Pocono 400 (2013) Statistics:

Winner: Jimmie Johnson (lead 80% of the race)

Average Speed: 144.202 mph

Margin of Victory: 1.208 seconds

Lead Changes: 12

Number of Cautions: 6

Caution Laps: 19 (11.875% of the race)

First Caution: 67

Last Caution: 155

Drivers on Lead Lap: 31


2014 Driver Statistics

Jeff Gordon struggled at the end of the Dover race and was surpassed by Matt Kenseth in the points as well as best average finish. Because Kenseth does not have a win (yet), being P1 in the points is a good thing. With his last place finish at Dover, Brian Vickers took the biggest hit while Greg Biffle is still treading water in hopes of getting a win to get into the Chase. Kyle Larson continues to impress and Brad Keselowski is looking so much better than last year. As we head into the summer, it is time for Tony Stewart and Kasey Kahne to pick up their game.


Pocono 400 Predictions

Before the Coca-Cola 600, Fox Sports had a poll on their webpage asking when fans think Jimmie Johnson would win; Charlotte, Dover, Pocono, None. I chose Dover; (I believe the number was) 40% chose none of the above. Oh the irony in those results as I have Johnson to go to 3 in a row. The haters were quiet when he didn’t win, but they are out in full force now that he has 2 wins. Just imagine how crazy they will be if he gets 3 in a row. You will also see a rookie at the top in Kyle Larson. It is not crazy to see him at the top of predictions anymore; he has proven he can compete with the best out there. He has never been to Pocono before, but that hasn’t stopped him from laying down great finishes at tracks he hasn’t been to before either.


Dark Horses: Kasey Kahne, Greg Biffle, Jamie McMurray

 Avoid: Aric Almirola, Casey Mears, Paul Menard


Team Statistics

Joe Gibbs Racing holds a slightly better average finish over Hendrick Motorsports while HMS holds the most wins this season. When it comes to Pocono, Stewart-Haas holds the best average over HMS, but again, HMS holds the most wins. With the struggles that Stewart-Haas seems to have this year, that average could be in jeopardy. I would also look for Team Penske to improve on their average finish.


Manufacturer Statistics

Chevrolet may have been in a tight battle a few weeks ago with Ford, but now they are setting sail on their way to another manufacturer’s championship. With the best average finish and most wins (this year thus far), Ford and Toyota have some work to do. Sadly for you Ford and Toyota fans, the same holds true at Pocono Raceway.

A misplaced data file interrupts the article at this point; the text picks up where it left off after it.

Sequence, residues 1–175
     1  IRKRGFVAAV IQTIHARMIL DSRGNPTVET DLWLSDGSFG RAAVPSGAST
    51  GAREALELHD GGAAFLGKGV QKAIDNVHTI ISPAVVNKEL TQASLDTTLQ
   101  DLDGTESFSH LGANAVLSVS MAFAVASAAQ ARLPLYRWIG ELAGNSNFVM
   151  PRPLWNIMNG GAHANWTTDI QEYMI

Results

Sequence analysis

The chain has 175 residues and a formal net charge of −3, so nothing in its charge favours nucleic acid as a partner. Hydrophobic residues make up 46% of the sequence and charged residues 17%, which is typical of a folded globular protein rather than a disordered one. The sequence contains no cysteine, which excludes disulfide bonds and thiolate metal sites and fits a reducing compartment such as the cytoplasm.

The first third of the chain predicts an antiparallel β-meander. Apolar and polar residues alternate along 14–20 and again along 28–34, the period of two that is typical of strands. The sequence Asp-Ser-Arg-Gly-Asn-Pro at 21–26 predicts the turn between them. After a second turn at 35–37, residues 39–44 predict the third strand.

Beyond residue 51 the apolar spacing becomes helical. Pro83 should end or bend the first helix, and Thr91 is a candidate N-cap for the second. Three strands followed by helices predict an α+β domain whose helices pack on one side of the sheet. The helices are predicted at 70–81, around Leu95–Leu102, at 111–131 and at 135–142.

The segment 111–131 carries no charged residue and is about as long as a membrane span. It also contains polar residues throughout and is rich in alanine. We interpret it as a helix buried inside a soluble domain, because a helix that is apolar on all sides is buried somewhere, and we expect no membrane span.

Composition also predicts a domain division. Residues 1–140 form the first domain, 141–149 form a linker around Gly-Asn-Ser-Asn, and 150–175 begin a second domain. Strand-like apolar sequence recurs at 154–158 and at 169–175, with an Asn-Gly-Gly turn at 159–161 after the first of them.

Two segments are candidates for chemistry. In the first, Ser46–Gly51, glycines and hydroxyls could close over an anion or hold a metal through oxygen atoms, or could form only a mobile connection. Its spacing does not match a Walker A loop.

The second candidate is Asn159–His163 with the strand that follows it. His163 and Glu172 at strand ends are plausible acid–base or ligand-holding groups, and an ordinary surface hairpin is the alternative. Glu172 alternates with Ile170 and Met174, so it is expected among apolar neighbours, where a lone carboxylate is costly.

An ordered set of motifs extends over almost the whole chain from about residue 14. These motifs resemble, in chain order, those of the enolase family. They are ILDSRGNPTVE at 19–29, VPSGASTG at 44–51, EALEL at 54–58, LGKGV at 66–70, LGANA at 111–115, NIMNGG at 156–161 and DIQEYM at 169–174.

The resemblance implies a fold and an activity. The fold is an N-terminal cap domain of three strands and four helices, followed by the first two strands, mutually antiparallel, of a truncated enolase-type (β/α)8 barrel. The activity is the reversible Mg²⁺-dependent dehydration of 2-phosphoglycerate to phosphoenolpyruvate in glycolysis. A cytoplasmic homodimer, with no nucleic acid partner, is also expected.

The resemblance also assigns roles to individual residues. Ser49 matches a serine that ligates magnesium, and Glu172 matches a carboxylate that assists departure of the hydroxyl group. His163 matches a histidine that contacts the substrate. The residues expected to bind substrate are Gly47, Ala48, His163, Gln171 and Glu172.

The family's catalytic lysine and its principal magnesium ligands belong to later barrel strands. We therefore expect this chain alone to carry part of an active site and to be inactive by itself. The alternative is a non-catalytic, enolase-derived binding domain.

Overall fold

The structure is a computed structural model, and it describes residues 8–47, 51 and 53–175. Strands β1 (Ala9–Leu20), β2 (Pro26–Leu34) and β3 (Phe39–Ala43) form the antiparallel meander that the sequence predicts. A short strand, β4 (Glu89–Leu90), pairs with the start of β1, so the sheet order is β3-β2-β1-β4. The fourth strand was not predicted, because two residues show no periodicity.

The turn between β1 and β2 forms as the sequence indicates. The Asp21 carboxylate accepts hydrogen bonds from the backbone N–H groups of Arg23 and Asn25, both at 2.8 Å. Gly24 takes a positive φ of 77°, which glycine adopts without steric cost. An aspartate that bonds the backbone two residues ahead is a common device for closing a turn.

Pocono 400 at Pocono Raceway: Key Statistics


Race Speed (mph):

Average: 133.047

Minimum: 112.129

Maximum: 145.384

95% Confidence Interval: (113.588, 152.506)

The average race speed has been getting faster each year and this race should be no exception. We should see a faster than average race. Hopefully the rain stays away!


Margin of Victory (seconds):

Average: 2.034

Minimum: 0.997

Maximum: 3.702

95% Confidence Interval: (-0.14, 4.208)

40% of the past 10 races have ended up caution; 1 due to rain, and 2 since the inception of the GWC era, so it is a fairly high probability that this race will have a caution at the end, but with 3 GWC attempts, it just may go longer (gas mileage anyone?). Those races that did complete not under caution have produced a decline in the margin of victory which dips slightly below the average.


Lead Changes:

Average: 19.2

Minimum: 12

Maximum: 30

95% Confidence Interval: (7.699, 30.701)

The number of lead changes has also been on a decline over the years, trending well below the average. Look for this pattern to continue; that means more lovely Pocono Raceway passing!



Average: 6.9

Minimum: 4

Maximum: 11

95% Confidence Interval: (2.238, 11.562)

Cautions have, overall, been on the decline at Pocono, but right around what the average is. It may be a tricky triangle, but things that cause cautions tend to be absent from this non-oval circuit.


Cautions Laps:

Average: 27.9

Minimum: 10

Maximum: 57

95% Confidence Interval: (0.698, 55.102)

Fewer cautions mean fewer caution laps and that is what we have here as well. The only difference between cautions and caution laps is the laps are trending downward well below the average vs. the cautions being around the average.


First Caution:

Average: 21.3

Minimum: 2

Maximum: 67

95% Confidence Interval: (-23.975, 66.575)

Sometimes, we see a caution right away at Pocono; other times, we wait a while – I guess it all depends on the rain, right? Overall, the trending of when the first caution flies is on the upswing and slightly above the average.


Last Caution:

Average: 169.4

Minimum: 106

Maximum: 205

95% Confidence Interval: (108.985, 229.815)

The last caution that flies at Pocono is yet another thing on the decline. Granted the past 2 races are the only ones that have been 400 laps, it is harder than other races to say when this one will come out. Percentage wise/laps until the end, you are looking at a handful. The average is not helpful either in this case as it applies to the longer races mainly. If we take a look at the percentage, we see an average of 93% of the way through the race (or 7% remaining) when we see the caution; for 400 miles (160 laps), that puts it around lap 149.


Drivers On The Lead Lap:

Average: 26.9

Minimum: 21

Maximum: 36

95% Confidence Interval: (16.215, 37.585)

The number of drivers on the lead lap is one of the higher ones of tracks visited in a year; Pocono wide racing surface and length help prevent drivers from going down easily. The trending has even been on an upswing over the years, pushing past the average. Could we see a record for Pocono? Probably not but we could get fairly close!